The New York Times has already faced much criticism over what some have called "sexist" magazine front covers, but now its public editor is chiming in as well.
Sullivan admitted that while she defends the writing for both stories, "some criticism was warranted."
"I did not find the Clinton cover illustration sexist but simply bizarre," Sullivan wrote, adding that it was "lacking the sophisticated execution one expects from The Times Magazine."
As for the Wendy Davis story, Sullivan said that the magazine failed to avoid conveying a gender bias and ended up "reinforcing a sexist standard."
"Despite its well-intentioned efforts, this piece managed to trip over a double standard with its detailed examination of Ms. Davis’s biography, including her role in raising her two daughters."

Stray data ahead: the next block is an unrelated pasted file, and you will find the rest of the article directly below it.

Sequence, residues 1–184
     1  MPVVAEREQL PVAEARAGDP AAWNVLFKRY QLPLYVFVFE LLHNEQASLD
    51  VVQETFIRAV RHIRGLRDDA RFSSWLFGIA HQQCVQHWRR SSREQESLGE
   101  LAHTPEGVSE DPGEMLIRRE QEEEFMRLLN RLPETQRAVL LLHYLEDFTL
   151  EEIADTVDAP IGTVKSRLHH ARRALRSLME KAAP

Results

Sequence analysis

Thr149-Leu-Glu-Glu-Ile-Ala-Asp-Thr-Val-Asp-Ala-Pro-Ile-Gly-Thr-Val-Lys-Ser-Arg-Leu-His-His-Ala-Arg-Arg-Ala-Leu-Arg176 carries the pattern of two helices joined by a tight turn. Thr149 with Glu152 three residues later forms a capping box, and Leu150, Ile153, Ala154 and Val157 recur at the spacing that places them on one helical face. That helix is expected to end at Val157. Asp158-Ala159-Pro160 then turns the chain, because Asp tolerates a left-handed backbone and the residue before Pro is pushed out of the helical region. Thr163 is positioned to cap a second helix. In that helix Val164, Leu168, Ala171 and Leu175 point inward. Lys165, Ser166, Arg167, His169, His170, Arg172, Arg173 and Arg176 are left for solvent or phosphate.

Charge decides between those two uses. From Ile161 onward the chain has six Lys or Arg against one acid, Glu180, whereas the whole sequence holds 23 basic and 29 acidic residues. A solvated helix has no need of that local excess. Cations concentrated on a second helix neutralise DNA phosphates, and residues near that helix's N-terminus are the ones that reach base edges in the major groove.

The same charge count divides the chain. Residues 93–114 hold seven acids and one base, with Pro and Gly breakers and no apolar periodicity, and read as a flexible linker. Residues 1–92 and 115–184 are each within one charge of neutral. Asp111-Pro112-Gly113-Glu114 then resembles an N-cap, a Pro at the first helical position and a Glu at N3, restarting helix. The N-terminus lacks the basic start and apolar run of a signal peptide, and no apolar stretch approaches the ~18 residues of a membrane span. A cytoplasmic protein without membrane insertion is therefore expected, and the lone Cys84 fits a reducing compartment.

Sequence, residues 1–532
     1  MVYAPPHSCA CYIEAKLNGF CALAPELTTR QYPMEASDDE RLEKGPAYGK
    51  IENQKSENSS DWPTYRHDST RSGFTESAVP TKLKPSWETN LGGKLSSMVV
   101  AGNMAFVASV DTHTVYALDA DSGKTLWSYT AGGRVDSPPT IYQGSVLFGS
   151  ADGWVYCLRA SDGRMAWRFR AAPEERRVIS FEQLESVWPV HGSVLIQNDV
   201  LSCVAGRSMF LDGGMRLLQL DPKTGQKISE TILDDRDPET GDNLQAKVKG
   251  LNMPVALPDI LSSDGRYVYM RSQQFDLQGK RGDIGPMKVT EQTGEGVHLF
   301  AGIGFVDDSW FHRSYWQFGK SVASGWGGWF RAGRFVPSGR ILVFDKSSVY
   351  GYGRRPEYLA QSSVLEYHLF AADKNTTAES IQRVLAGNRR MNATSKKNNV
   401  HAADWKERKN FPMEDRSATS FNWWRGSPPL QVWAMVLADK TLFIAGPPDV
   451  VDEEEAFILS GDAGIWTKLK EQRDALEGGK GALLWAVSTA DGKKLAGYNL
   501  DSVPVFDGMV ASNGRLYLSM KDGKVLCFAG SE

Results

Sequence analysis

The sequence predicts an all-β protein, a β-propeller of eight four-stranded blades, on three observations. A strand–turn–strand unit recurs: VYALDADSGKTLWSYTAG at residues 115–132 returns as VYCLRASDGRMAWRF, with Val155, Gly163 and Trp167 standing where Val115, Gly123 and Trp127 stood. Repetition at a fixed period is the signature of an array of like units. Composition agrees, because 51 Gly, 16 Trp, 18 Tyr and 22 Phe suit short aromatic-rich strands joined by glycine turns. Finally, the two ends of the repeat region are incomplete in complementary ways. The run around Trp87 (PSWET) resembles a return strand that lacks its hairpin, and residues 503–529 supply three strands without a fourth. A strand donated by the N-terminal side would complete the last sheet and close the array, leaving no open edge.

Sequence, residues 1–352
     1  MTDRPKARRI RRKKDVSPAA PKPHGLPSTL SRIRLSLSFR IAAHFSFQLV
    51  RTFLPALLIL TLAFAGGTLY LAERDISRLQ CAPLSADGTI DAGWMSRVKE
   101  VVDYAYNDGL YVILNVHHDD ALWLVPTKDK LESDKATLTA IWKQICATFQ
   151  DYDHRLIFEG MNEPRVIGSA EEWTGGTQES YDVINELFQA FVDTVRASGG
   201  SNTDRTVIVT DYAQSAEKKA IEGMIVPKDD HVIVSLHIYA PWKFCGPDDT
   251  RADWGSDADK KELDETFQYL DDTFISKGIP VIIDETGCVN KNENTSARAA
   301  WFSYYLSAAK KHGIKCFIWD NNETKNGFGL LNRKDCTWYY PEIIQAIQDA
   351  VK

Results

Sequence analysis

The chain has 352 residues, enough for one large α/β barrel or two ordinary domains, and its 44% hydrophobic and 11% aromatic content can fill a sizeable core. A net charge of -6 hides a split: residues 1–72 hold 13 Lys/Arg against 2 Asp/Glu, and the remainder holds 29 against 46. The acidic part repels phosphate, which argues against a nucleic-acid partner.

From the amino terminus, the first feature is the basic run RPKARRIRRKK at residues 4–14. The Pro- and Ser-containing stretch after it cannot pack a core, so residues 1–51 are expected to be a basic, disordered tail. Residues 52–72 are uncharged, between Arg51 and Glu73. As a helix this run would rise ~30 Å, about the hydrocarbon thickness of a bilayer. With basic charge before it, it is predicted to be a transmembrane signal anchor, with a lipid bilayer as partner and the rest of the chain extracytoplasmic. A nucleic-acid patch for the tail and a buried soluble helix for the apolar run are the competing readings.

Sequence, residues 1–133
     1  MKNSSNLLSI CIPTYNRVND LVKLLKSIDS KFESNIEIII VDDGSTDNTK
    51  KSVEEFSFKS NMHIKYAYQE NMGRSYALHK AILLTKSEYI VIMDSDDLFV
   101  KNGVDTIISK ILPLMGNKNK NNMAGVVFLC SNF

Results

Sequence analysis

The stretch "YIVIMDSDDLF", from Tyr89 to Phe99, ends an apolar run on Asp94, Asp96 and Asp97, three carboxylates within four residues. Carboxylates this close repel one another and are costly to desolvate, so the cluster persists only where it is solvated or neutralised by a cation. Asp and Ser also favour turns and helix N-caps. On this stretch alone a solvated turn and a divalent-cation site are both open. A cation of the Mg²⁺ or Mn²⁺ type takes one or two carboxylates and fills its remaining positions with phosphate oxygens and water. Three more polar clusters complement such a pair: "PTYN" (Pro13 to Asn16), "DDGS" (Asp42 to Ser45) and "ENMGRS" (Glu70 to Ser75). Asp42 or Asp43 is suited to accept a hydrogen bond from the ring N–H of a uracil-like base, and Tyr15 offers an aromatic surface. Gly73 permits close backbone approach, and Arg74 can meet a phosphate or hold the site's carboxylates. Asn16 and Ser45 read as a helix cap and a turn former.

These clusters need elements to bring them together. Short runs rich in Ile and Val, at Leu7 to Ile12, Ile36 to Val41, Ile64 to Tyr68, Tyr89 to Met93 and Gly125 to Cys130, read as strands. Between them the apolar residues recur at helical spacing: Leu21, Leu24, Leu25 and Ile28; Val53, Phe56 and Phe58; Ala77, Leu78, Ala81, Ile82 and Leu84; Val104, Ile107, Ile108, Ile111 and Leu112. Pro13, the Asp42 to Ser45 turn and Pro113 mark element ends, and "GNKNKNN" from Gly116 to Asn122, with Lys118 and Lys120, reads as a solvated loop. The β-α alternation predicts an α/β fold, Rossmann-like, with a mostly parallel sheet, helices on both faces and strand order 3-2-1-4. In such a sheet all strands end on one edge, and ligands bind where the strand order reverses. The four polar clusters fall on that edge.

In case you missed them, here are both covers:
Sullivan acknowledged the loads of criticism that the Times has received with the release of the covers, from both Times readers and other news outlets. She wondered about the ways that female politicians are situated in the media.
"The criticism makes me wonder why the treatment of a woman politician often seems so hard to get right," Sullivan said. "I’m not sure what The Times’s next major article on a female politician will be. But I’m hopeful that not only will it avoid strange planetary depictions and ’70s-era catchphrases, but also that it will rise above gender-based double standards, leaving them where they belong: in the dust of history."
Read the full column here.
(h/t: Julie Moos)